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Thread: Highlighting Fluke frets.

  1. #1
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    Question Highlighting Fluke frets.

    I have both a Fluke with a plastic and wood fretboard. The wood is in Low G and the plastic in High G, so I find them both useful. As a beginner however I find that the wood with its easy to see frets is a lot more fun to play. I have thought of painting the frets so they can be easily seen but am not sure what to use that would hold up to constant play. I'm hoping someone here has tackled this problem successfully and is willing to share their secret.

  2. #2
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    Ice...I used a permanent silver sharpie to highlight mine. You could use gold color if thats a preference.
    Easy, clean, and durable. Mine hasn't worn off but if it does, I'll just retouch as needed.
    "Everyone I know who is into ukulele is crackers, so get yourself a few and enjoy yourselves" - George Harrison

  3. #3
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    Quote Originally Posted by Captain Simian View Post
    I just took a silver sharpie and put dot markers on the side of all my Fleas and Flukes.
    That's a good idea - side markers are much more useful than front markers. If you're playing with good posture you really shouldn't be able to see the front markers, well, anyway!

    John
    I'm not entirely convinced that it is possible to polish a turd. However, if one were to accomplish that feat one would still have a turd, and one all the more noticeable for being shiny.

    Check out my ukulele-themed "stuff" at http://www.cafepress.com/fivebyfiveukulele - proceeds go to a good cause...UAS treatment!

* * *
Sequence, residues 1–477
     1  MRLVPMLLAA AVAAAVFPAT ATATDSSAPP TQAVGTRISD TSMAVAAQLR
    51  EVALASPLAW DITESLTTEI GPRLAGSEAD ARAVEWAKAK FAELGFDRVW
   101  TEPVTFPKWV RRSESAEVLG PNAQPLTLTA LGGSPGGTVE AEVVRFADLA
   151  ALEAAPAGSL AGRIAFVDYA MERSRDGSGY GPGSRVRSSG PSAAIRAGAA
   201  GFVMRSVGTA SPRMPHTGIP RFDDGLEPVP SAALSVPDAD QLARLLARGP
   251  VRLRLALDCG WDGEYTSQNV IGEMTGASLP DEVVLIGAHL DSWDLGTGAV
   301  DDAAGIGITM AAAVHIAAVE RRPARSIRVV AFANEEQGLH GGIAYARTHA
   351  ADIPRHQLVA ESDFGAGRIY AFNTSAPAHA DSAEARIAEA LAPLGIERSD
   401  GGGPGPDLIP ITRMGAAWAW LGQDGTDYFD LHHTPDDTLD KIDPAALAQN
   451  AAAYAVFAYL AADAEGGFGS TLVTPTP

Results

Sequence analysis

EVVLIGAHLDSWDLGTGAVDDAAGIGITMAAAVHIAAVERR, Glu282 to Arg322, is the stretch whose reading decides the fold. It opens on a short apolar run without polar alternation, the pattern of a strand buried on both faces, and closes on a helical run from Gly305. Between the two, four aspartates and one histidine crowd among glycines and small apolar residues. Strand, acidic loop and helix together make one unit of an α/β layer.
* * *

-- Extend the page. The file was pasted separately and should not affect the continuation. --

4. #4
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    I did that and wore it off fairly quickly. Didn't like the idea of my fingers absorbing all that crap. I was hoping for something more permanent. I may contact the folk at Magic Fluke and see what they have to say.

  5. #5
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    I put super thin stickers on the fretboards of a couple of my ukes. I've also used stickers for side markers.

  6. #6
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    I used a bronze colored sharpie. It's holding up so far, but with a lot of play it will probably wear off. Luckily it is easy to touch up the frets without even having to remove strings.

  7. #7
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    Quote Originally Posted by SailQwest View Post
    I put super thin stickers on the fretboards of a couple of my ukes. I've also used stickers for side markers.
    Now that's one I hadn't thought of. Thanks

  8. #8

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    I used a white 'paint-pen' that is an oil-based paint to put side-markers on my lava concert Flea with the plastic fretboard 2 months ago, and if you let it cure for about 3 hrs and dont touch it, it ain't gonna rub off onto your hands. On mine I would not paint the frets.

    I play this uke every day and there's no sign of wear to the dots I put on.

    Funny thing is that I hardly look at the frets now unless I am learning a new chord...

    The 'paint-pens' are more fixed/adhered to the surface than a sharpie, and they have an ENAMEL finish, which gives a nice glossy dot. I had originally made the side marks with a sharpie, which eventually got rubbed off, and sharpie ink is easily removed with either rubbing alcohol (which is a solvent for the ink)...
    Guinea proverb: "A cow that has no tail should not try to chase away flies."

  9. #9
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    Another vote for silver sharpie on my fret dots and on the side of the neck. When they wear down I just add more. Perfect match for the factory dots.
    I'd rather be plucking at a ukulele on a faraway beach. I was not a soft-leather-Italian-shoe kind of man. I was a flip-flop man.
    J. Maarten Troost

  10. #10
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    I used a white 'paint-pen' that is an oil-based paint to put side-markers
    OK I'll try that. As a beginner I need to take a peek now an then. Down the road it won't matter that much but I do prefer my Fluke with the wood fretboard.

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